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Here's Why I Did Not Apply For Jobs Online After Graduate School
Relying only on online applications can impact your chances of landing the job you want if you are an underdog
A friend recently asked me whether he should apply to jobs online after his degree. He was completing his graduate degree in the UK and hoped to find a job that fits his skills.
I shared my thoughts with him and will do likewise with you.
After my graduate degree in 2016, I sent many online applications to multiple employers in hopes of getting in. The magic did not happen.
I was competing with the world.
You see, any job ad that gets posted online is visible to the world. It’s on the web and visible to anyone with internet access. Your grandma could see it and apply if she wanted.
Take for example, I see a job ad online for a Finance Officer, and I was interested. Essentially, I’d be competing with the following categories of people:
Individuals who are currently employed and want to change jobs for the sake of it.
Those currently employed who wish to change jobs because they want a new challenge.
Experienced individuals who recently lost their jobs – thanks to COVID, layoffs, etc.
Those wishing to apply because they want more money
Internal candidates already working at that company wishing to step up.
Internal candidates wanting to bring their friends into their company.
Individuals with permanent visas or citizenships (if it’s not your home country).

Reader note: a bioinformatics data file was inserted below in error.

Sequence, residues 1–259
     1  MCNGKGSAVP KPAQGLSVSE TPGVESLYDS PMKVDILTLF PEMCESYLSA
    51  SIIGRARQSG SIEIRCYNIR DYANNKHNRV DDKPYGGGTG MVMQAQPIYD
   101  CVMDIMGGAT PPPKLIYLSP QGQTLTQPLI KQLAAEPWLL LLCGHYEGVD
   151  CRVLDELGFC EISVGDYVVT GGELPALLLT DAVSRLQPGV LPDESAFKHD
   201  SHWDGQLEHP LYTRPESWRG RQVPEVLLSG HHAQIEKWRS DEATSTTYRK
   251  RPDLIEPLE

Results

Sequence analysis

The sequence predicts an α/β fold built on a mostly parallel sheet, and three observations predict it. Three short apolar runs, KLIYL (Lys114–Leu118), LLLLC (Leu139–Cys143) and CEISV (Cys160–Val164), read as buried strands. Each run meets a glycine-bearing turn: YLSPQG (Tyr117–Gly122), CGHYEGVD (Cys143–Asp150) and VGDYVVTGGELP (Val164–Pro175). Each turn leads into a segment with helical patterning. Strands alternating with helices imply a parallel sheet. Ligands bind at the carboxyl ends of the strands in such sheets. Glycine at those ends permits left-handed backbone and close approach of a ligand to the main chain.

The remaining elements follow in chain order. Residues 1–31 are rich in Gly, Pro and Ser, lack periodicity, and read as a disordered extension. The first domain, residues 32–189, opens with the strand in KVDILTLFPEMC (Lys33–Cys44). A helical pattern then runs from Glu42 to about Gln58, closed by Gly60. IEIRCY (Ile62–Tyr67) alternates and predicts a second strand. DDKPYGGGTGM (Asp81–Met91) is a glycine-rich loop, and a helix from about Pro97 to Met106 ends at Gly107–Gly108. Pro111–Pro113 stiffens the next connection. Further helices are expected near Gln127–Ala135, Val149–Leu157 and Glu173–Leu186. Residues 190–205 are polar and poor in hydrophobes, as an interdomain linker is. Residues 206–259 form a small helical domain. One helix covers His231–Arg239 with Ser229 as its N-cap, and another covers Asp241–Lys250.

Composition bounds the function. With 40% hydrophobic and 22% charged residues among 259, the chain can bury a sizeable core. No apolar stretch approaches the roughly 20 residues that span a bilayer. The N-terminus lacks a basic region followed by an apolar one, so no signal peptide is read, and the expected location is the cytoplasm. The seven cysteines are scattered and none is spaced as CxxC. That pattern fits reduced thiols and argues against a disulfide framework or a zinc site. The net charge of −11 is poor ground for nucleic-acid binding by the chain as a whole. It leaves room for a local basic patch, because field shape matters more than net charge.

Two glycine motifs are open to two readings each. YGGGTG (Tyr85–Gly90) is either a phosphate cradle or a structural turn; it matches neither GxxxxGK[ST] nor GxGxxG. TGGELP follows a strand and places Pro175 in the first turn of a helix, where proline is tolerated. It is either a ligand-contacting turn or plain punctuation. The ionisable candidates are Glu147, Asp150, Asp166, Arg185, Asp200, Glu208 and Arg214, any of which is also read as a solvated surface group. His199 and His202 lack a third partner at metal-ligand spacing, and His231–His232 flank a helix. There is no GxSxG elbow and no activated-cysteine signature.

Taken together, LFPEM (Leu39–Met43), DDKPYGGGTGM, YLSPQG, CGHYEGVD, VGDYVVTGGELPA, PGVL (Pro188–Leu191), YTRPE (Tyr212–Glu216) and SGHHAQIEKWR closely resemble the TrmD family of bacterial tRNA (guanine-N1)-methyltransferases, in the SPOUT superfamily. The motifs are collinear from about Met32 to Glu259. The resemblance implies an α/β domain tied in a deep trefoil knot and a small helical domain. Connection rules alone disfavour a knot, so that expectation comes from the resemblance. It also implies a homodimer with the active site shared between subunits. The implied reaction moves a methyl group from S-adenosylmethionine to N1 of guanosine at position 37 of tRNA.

Your classmates or colleagues that recently graduated from your class
The list goes on.
Have you seen why I never heard back from any of the jobs?
I was fighting the world.
Don’t get me wrong. I believe in miracles. They still happen. But when you have limited time and resources, you put your time and energy into where your odds are higher. It’s smarter.
Clearly, I was an underdog. I was an international student on a temporary visa with limited local experience. There was nothing special that would make employers come chase after me.
Here’s what I did instead:
1. I followed small companies (0-70 employees) I was interested in and connected with staff heading my preferred roles.
2. I contacted professionals working in roles in companies I liked via LinkedIn
3. I let friends and mentors know I was looking for jobs. They also let their friends know.
4. I attended small networking events.
5. I developed and brushed up my online profiles.
Once I did this, I started gaining traction, which finally led to job offers.
Of course, some exception occurs. Your odds are higher if applying online for positions with mass recruitment exercises – think of those consulting firms having annual recruitment events where they hire many graduates. Your odds are also higher if living in locations where skilled workers are scarce.
The good news is that you only need to do this at the initial stages of your career. I no longer have this challenge.
These days, I go right in and apply online. Why? I have solid work experience that will catch the eye of any employer.
Once you have amassed enough work experience, you can return to applying online. At this time, you will be more competitive.
Why all these stories?
If you are an underdog in a similar situation as I was and struggling to land a job, consider other strategies.
I wish you the best.
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